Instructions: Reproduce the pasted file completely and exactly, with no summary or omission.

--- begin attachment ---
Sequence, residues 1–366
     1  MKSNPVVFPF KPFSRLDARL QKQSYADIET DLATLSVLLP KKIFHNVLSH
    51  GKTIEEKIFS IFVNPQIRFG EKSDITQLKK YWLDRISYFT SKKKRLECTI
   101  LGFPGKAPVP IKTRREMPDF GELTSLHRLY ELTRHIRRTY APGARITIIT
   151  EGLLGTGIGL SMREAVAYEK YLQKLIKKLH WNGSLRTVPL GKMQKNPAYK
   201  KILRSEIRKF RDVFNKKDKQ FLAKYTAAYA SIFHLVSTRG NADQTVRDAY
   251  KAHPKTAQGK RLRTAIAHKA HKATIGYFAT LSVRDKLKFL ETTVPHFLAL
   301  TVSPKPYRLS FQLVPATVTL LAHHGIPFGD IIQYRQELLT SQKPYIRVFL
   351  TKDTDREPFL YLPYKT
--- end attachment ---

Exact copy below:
Sequence, residues 1–366
     1  MKSNPVVFPF KPFSRLDARL QKQSYADIET DLATLSVLLP KKIFHNVLSH
    51  GKTIEEKIFS IFVNPQIRFG EKSDITQLKK YWLDRISYFT SKKKRLECTI
   101  LGFPGKAPVP IKTRREMPDF GELTSLHRLY ELTRHIRRTY APGARITIIT
   151  EGLLGTGIGL SMREAVAYEK YLQKLIKKLH WNGSLRTVPL GKMQKNPAYK
   201  KILRSEIRKF RDVFNKKDKQ FLAKYTAAYA SIFHLVSTRG NADQTVRDAY
   251  KAHPKTAQGK RLRTAIAHKA HKATIGYFAT LSVRDKLKFL ETTVPHFLAL
   301  TVSPKPYRLS FQLVPATVTL LAHHGIPFGD IIQYRQELLT SQKPYIRVFL
   351  TKDTDREPFL YLPYKT